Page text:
Medieval Florence, like many European cities, had ‘sumptuary laws’ to regulate luxury items, with an emphasis on women’s clothing. These laws proved difficult to enforce upon the clever Florentine women, however. All clothing was regulated, but there were few – if any – prosecutions brought against men, while a multitude were levelled at the female sex.
In Florence’s New Market (the same one where the bronze pig resides) you can find leather good and all kinds of souvenirs. But be careful about going there if you have any outstanding bills. This is where people were once punished for failing to settle their debts.
Il Porcellino, as the Italians call him, means “the little pig”. However the bronze porker fountain sitting at the side of the New Market, or Mercato Nuovo, is really a wild boar, or a cinghiale in Italian. He supposedly brings good luck when visitors rub his snout and put a coin in his mouth.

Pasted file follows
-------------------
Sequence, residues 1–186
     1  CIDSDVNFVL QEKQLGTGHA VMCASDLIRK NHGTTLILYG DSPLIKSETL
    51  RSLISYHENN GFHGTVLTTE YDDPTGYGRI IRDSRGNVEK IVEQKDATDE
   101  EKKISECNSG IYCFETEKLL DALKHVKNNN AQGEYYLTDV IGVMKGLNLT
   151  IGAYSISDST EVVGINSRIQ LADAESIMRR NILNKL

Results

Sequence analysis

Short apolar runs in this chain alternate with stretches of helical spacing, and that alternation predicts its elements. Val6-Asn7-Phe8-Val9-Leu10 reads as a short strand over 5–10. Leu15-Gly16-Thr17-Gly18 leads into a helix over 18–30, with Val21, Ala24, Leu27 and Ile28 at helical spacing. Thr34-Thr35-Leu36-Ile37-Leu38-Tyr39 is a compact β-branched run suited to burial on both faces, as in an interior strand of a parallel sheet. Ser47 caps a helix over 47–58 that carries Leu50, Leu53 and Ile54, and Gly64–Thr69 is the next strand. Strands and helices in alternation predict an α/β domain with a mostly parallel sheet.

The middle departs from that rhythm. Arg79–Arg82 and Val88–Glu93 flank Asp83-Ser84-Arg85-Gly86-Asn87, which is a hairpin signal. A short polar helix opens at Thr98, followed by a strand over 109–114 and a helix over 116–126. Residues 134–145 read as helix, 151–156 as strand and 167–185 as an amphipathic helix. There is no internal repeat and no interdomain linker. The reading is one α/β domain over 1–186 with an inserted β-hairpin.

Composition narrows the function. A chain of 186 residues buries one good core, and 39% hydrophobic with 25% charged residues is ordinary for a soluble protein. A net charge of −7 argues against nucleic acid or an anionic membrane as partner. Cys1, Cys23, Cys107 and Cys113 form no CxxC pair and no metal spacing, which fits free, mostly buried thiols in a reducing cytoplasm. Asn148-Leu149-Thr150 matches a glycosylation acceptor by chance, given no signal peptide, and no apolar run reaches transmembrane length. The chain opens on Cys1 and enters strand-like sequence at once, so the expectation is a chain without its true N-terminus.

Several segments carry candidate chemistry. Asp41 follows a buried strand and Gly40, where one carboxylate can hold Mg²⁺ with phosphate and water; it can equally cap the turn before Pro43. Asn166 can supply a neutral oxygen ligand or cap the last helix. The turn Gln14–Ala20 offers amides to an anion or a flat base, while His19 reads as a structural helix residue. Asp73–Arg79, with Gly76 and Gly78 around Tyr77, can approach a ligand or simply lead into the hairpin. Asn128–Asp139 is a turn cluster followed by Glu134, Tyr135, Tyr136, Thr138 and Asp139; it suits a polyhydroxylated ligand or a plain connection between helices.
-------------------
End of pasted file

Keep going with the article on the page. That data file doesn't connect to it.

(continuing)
When I was in Florence, I lived in Dante Alighieri’s neighbourhood. For those of you who might be a little rusty on your Italian poetic
In the early nineteenth century, when many English poets visited or lived in Florence, the stone marking the location of his favourite seat was just about the only tribute to Dante in Florence.
You might be surprised to know that inside the medieval Palazzo Vecchio, the town hall (and museum) of Florence that there are 100 sailing tortoises